The Mirena intrauterine device (IUD) is manufactured by Bayer Pharmaceutical Company and is marketed as a safe, effective form of birth control. The Mirena IUD is a T-shaped device that is inserted into a woman’s uterus, and through the slow release of hormones is effective as a birth control option for up to 5 years.
Mirena was approved by the FDA for sale in the U.S. in the early 2000’s and has become increasingly popular since then. In addition to its use as a form of birth control, Mirena has also been approved by the FDA for treating heavy menstrual bleeding in patients. Although Mirena has many positive uses, Mirena can also cause dangerous side effects.
Mirena has been known to cause cysts on the ovaries, abdominal pain, depression, and, in some cases, pelvic inflammatory disease or even perforation of the uterus. Though Bayer has said that the dangerous side effects are about the same percentage (usually 1-3% of patients) as those taking birth control pills, some government agencies believe Bayer has misled the public.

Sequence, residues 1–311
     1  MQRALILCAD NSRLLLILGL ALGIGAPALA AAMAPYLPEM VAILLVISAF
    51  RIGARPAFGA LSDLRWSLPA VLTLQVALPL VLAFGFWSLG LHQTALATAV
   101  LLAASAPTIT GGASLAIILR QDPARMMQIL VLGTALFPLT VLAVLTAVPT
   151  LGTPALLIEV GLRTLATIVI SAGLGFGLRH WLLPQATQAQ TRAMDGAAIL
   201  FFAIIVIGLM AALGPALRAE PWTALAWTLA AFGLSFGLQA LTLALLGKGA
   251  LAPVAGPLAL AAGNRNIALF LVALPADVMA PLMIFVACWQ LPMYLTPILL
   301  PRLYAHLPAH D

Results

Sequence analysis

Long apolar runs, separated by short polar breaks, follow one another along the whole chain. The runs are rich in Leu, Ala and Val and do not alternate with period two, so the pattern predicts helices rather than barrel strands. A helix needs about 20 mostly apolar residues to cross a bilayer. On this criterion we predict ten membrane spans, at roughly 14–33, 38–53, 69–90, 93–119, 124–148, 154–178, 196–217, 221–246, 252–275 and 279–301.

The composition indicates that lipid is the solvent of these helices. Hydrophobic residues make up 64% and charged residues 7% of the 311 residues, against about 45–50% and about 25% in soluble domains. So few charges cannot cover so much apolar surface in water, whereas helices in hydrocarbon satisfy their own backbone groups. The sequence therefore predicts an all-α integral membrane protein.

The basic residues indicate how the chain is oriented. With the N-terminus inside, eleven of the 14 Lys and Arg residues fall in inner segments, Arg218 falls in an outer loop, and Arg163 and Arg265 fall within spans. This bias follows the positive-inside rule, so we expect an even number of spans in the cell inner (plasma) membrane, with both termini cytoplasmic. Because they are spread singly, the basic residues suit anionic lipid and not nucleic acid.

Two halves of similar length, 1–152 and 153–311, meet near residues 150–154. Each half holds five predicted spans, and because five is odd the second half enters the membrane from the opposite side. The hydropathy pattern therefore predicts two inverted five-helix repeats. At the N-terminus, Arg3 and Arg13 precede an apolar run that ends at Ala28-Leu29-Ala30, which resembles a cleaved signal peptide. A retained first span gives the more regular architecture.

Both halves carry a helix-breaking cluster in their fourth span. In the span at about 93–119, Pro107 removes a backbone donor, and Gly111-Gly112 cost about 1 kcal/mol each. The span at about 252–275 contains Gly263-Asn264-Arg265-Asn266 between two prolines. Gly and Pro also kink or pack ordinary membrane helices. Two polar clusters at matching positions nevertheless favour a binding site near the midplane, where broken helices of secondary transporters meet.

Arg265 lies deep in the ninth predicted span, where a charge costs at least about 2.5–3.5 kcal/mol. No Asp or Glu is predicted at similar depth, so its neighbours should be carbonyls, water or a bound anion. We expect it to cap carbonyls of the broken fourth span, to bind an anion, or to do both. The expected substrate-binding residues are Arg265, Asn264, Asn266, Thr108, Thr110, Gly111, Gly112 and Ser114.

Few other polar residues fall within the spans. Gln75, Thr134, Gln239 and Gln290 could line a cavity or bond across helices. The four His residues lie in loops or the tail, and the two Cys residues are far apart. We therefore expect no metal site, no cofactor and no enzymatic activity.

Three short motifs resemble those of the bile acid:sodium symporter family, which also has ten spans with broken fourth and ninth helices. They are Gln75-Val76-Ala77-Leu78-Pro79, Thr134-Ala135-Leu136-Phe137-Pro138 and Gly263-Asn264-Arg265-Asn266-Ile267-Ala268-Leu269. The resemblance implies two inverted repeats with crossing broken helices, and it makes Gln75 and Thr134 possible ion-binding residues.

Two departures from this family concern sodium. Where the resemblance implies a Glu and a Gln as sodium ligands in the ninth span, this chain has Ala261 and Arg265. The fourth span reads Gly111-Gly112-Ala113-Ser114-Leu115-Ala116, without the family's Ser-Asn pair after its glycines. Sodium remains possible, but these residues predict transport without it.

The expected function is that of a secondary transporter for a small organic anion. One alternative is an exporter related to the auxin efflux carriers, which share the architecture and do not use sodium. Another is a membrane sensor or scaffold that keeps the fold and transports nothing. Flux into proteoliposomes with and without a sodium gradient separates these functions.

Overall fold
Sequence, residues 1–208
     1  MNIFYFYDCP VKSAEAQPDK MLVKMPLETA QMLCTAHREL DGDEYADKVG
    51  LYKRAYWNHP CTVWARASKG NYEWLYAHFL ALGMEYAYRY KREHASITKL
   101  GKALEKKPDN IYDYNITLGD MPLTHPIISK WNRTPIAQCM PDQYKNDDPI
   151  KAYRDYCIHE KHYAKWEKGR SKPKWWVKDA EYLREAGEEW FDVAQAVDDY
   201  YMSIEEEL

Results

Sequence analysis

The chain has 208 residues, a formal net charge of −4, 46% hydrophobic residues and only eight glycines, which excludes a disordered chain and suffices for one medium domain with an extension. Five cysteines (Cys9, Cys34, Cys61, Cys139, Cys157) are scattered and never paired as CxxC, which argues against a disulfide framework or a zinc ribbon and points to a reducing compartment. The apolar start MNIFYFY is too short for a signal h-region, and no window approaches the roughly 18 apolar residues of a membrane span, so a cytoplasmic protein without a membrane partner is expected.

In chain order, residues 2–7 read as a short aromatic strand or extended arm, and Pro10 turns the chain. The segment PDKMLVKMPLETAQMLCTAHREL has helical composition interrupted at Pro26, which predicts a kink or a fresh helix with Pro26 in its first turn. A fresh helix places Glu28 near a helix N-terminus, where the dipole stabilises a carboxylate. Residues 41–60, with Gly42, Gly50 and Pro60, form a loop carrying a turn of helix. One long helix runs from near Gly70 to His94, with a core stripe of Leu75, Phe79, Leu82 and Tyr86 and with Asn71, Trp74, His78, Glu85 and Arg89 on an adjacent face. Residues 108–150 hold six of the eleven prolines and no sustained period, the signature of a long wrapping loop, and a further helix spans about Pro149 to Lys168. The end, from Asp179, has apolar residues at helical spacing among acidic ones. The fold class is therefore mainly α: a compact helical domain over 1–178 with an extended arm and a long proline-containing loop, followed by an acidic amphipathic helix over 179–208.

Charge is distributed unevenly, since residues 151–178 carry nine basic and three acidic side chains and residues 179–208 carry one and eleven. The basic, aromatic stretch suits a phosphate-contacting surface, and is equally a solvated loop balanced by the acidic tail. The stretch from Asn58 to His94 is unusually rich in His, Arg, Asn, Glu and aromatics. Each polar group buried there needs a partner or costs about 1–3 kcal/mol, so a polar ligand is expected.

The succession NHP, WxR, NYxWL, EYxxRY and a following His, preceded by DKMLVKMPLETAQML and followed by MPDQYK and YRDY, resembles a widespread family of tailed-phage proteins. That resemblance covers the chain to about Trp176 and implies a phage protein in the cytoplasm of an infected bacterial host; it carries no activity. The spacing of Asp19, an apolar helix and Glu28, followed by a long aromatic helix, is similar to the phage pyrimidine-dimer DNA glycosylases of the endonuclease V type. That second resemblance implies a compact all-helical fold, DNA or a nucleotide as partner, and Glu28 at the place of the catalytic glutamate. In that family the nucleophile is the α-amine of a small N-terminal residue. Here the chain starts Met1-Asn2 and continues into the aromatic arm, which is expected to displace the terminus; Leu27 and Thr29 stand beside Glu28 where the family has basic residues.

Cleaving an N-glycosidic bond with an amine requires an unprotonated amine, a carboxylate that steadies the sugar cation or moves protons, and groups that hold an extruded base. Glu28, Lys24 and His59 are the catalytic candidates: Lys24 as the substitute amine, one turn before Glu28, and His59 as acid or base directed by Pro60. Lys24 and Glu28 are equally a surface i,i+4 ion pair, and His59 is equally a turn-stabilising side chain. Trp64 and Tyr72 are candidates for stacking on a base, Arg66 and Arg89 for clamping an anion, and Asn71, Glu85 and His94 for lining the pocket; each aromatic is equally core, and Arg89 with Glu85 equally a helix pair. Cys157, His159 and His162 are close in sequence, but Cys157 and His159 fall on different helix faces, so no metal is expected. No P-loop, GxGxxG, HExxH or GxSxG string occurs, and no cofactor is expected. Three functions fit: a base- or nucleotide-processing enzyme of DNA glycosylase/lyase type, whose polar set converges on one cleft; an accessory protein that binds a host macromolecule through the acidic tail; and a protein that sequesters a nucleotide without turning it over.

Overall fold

In 2009, Bayer was instructed by the Department of Health and Human Services to change their marketing campaign (called their “Busy Moms” campaign) because it was misleading. The campaign was considered misleading because Bayer would send a nurse practitioner to house parties, and would suggest that using Mirena could help the women become more intimate with their spouses, as well as, look and feel great.
The Department of Health and Human Services made the argument that common side effects of Mirena, including headaches, nausea, and abdominal pain actually do the opposite of making the patient look and feel great or be more intimate. Statements were also made by these parties about how Mirena does not require a monthly routine, unlike other birth control options. The Department of Health and Human Services argued, however, that these claims are misleading because Mirena actually requires the user to make monthly checks to ensure the device is still in place.
The FDA has also made Bayer change its label more than once, due to them finding it to be incomplete with regards to the possible side effects Mirena may cause. To date, the FDA has received an estimated 70,000 adverse event reports regarding the side effects of Mirena.
If you or a loved one suffered cysts on the ovaries, abdominal pain, depression, and, in some cases, pelvic inflammatory disease or perforation of the uterus from using a Mirena IUD, contact the Merman Law Firm immediately for a free consultation.